Head of Policy and Communications for the Libra Association Dante Disparte discusses the new cryptocurrency, Libra, that will be used with Facebook's cryptocurrency project called Calibra.
Facebook (FB) on Tuesday announced the details of its widely-rumored cryptocurrency project: a financial services offering called Calibra.
Calibra is a “newly formed Facebook subsidiary” and its first product, launching in 2020, will be a digital wallet to store and send Libra, a new cryptocurrency.
The digital wallet will initially be available inside WhatsApp and Facebook Messenger, and eventually as a standalone app for iOS and Android.
Calibra will enable users to send Libra to each other “as easily and instantly as you might send a text message, and at low to no cost.” Eventually, Facebook says, “we hope to offer additional services for people and businesses, such as paying bills with the push of a button, buying a cup of coffee with the scan of a code, or riding your local public transit without needing to carry cash or a metro pass.”
The differences between Calibra and Libra
Libra, the cryptocurrency, will run on its own Libra blockchain, which today launches an open-source testnet. The blockchain and cryptocurrency will all be overseen by the Libra Association, a not-for-profit that is separate from Facebook and headquartered in Geneva.
The Libra Association posted its announcement at the same time as Facebook’s Calibra announcement, and says it is targeting the first half of 2020 to launch the cryptocurrency.
The cryptocurrency will be backed by the Libra Reserve, a “collection of low-volatility assets like bank deposits and government securities, in currencies from stable and reputable central banks,” a Libra Association spokesperson tells Yahoo Finance.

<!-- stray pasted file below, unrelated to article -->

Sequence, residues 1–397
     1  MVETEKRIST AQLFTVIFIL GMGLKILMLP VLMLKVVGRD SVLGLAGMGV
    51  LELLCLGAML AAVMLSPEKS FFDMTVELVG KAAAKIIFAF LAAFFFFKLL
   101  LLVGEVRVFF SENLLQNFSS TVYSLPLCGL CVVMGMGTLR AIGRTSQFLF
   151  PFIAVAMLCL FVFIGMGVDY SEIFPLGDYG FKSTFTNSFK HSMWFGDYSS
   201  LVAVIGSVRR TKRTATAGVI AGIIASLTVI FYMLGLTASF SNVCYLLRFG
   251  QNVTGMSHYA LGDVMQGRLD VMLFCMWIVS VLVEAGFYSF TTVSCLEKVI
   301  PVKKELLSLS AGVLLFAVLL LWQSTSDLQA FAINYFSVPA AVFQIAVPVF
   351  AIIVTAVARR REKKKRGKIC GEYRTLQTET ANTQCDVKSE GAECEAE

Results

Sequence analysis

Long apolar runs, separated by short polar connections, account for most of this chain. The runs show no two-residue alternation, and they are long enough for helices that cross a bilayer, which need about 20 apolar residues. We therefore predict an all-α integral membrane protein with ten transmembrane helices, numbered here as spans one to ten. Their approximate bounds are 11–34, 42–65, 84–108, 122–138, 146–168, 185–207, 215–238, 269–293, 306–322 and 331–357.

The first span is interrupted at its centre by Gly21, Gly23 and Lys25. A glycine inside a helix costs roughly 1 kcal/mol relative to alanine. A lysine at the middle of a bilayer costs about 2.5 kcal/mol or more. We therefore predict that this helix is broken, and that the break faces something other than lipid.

Libra Association says Libra is not a stablecoin, because it is not pegged to a single currency and does not have a fixed value in any fiat currency. Rather, a spokesperson says, it will be “a blend of multiple currencies,” so its value “will fluctuate in any given local currency, and exchanges will charge a spread above or below the value of the reserve.”
Libra Association’s “founding members” include: Facebook; Coinbase; Visa; MasterCard; PayPal; Stripe; Uber; Lyft; eBay; and Spotify. Every founding member has committed to a minimum investment of $10 million, Libra Association says.
These companies will “work together on finalizing the association’s charter” but the Libra Association is not yet saying whether being a founding member means that all of these organizations will accept Libra as payment when it launches.
The announcement stresses that the Libra Association is “independent.” But considering the co-orchestrated launch and simultaneous announcements, critics may scoff at the idea that Libra is truly separate from Facebook.
There will also surely be widespread debate over whether Libra is truly a decentralized cryptocurrency.
Promises about security
In a companion document to its announcement, Calibra stresses repeatedly that it will prioritize security. Calibra will be a regulated entity, and will keep customers’ financial data separate from Facebook social data. (Facebook has long had ambitions of offering financial services.)
[Facebook hasn't told us: why launch a cryptocurrency?]
The security guidelines continue, in boldface type: “Calibra will not share account information or financial data with Facebook, Inc or any third party without customer consent. For example, Calibra customers’ account information and financial data will not be used to improve ad targeting on the Facebook, Inc family of products.”
For the rest of this story by Yahoo Finance's Dan Roberts click:
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